In the meantime you can read their response to the Treasury Committee Report on Childcare here.

NB: GMWRAG reserves the right to change every instance of “advisor” to “adviser” in every post until you all get your act together 🙂

New video from Housing Systems.

GMWRAG would like to draw your attention to yet another excellent video from our friends at Housing Systems. This time it’s all about looking at Universal Credit Monthly Assessment Periods in detail. At best this might be described as a somewhat dry subject. Whilst this video contains no exciting new concepts like “UC as a smoothie” we can say we were utterly mesmerised by the big yellow jumper/sweater which keeps appearing and the use of a pen which makes words and entire sentences appear some time after the pen has finished writing. We want one of those. Anyways, in the meantime you can watch the video at

Do you know anyone who has lost benefits due to surveillance by the fraud and error prevention service? GMWRAG thinks you probably do.

The Guardian reports that

“A 26-year-old man with multiple sclerosis has been told to pay back thousands of pounds after being deemed not disabled after being under surveillance by the Department for Work and Pensions, despite medical confirmation of his diagnosis.

The Fraud and Error Prevention Service, part of the DWP, secretly followed Michael Forsyth in Lanark and concluded he “deliberately misrepresented his needs” after looking through his Facebook account and recording him walking his dog. Forsyth was diagnosed with MS at the age of 20 and was in a wheelchair for his PIP assessment in 2015. “The nature of the illness means I can’t say what I’ll be able to do from day to day,” he says in The Sunday Post.

Forsyth has appealed the decision and has a letter confirming his diagnosis from his neurologist at Queen Elizabeth University Hospital in Glasgow which details symptoms such as: “worsening leg weakness, arm weakness, dysarthria (speech problems) and double vision”.

Share your experiences
If you have been under surveillance by the FEPS and your benefits have stopped the Grauniad would like to hear from you. What happened? Did you have to pay the money back? Have you appealed the decision?

You can get in touch by filling in the encrypted form at https://guardiannewsandmedia.formstack.com/forms/lost_benefits_due_to_surveillance – anonymously if you wish. They’ll feature some of your responses in theirreporting. Your responses will only be seen by the Guardian.”

GMWRAG cannot imagine that members have not at some point come across the joy of DWP fraud and error prevention and especially their fantastically high quality interviews under caution and video recording. Off you go.

Any sarcasm detected in the last paragraph is entirely in the eye of the beholder.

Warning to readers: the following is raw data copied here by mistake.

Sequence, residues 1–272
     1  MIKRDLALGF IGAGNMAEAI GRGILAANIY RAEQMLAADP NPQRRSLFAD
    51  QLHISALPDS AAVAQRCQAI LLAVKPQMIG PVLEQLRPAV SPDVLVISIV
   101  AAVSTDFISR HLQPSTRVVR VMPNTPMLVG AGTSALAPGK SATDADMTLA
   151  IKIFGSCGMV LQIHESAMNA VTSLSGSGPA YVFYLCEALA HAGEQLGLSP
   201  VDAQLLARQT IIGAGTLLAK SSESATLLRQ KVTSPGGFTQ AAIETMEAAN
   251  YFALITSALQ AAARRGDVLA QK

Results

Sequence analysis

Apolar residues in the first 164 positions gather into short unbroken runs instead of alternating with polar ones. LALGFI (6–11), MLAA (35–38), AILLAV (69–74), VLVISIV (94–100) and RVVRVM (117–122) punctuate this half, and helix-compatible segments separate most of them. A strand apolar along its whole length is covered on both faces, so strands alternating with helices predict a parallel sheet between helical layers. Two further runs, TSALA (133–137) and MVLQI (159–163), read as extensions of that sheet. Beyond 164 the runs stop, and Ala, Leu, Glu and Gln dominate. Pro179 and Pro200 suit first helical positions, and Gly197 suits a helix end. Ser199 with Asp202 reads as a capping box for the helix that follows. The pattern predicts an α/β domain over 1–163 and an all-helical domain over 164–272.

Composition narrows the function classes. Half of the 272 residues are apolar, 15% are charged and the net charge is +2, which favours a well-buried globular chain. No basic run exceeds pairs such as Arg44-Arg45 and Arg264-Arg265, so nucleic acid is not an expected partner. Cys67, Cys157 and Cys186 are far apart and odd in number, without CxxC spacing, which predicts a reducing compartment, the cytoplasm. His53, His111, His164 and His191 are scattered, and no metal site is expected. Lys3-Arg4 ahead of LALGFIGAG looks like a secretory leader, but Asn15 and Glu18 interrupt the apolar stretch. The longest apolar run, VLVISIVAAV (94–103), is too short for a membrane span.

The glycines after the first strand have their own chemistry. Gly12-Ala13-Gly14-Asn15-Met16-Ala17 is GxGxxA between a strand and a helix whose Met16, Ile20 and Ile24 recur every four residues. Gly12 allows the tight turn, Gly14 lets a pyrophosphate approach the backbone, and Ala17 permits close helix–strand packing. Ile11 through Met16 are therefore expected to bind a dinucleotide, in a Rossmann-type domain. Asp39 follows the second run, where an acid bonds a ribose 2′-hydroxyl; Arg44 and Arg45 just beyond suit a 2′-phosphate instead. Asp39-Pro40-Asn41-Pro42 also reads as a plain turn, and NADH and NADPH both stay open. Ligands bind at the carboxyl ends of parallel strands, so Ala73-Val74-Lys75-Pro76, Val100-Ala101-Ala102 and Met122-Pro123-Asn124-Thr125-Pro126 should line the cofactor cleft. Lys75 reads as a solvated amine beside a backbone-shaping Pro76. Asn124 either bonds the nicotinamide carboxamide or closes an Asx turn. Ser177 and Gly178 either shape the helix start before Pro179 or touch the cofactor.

GMWRAG starts a running thing. Hearts sink everywhere.

Following a post on here yesterday, GMWRAG member Rob Jenkins reports a small but effective surge in interest in sponsoring his attempt to raise money for The Wellspring as previously reported here. 

This means he’s actually reached his target (although that doesn’t mean potential sponsors can now look away) but the pressure is now on as he reports that

“Great news on my last run out before the big day. I was going up a bit of a hill, and I OVERTOOK someone. He was a bit younger than me, as well, and looked surprised. Then another runner with a heavy backpack ran past at about twice my speed – but he might not be in the race, so no need to worry just yet.”

Excitement on this can be countered by the statement that

“My race pack arrived today, and turns out I’ve been placed to start at the back, with the duffers and no-hopers who aren’t necessarily expected to finish at all. To add insult, my race number has a “Where’s Wally” theme. At least it will stand out on the telly, as I surge through the crowd to take top spot. Either that, or I’ll be relying on a big ‘chip time’ adjustment.”

Further bad news for Rob is that sales of British eggs are apparently on the up and dramatically so. We are most definitely labelling this the “GMWRAG effect”.

As an alternative to this frivolity, GMWRAG can now offer a further sponsorship opportunity to members desperate to invest in something resembling actual running. Actually, we’re not sure on that last bit but bear with us.

Yasmin Green of Salford Welfare Rights and Debt Advice Service “roped” Kate Anstee and Sean Finnigan of the same service into running the Great Manchester 10k run on Sunday the 20th of May 2018 in order to raise money for our friends at Greater Manchester Law Centre. We’ve no idea what terrible secret she knows about the other two which persuaded them into this folly but we’re working on it.

GMWRAG has also yet to figure out why Rob was dumb enough to volunteer to run further when a mere 10k was available but we won’t tell him if you won’t!

Whereas Rob has offered comedy in return for cash (and a possible refund if he wins) Yasmin, Kate and Sean are offering “… dedication and inspiration in the middle of Manchester, where some of you might like to meet us in a bar afterwards”. Three strangers in a bar or Where’s Wally? It’s a tough call! 🙂

You can sponsor Kate on her Just Giving page where she’ll tell you more about GMLC.

Alternatively you can sponsor Sean via HIS Just Giving page and maybe add a bit extra so he can get that shirt clean. We’re thinking that where Kate referred to inspiration Sean is offering only perspiration. Irresistible we’re sure you’ll agree. On the other hand, Sean has tried to con sponsors by suggesting he will be running “… a bit in freezing weather”. We know that this isn’t true and we think you should rack up the pressure by sponsoring him and making him run and finish in 20 plus degree heat as a punishment.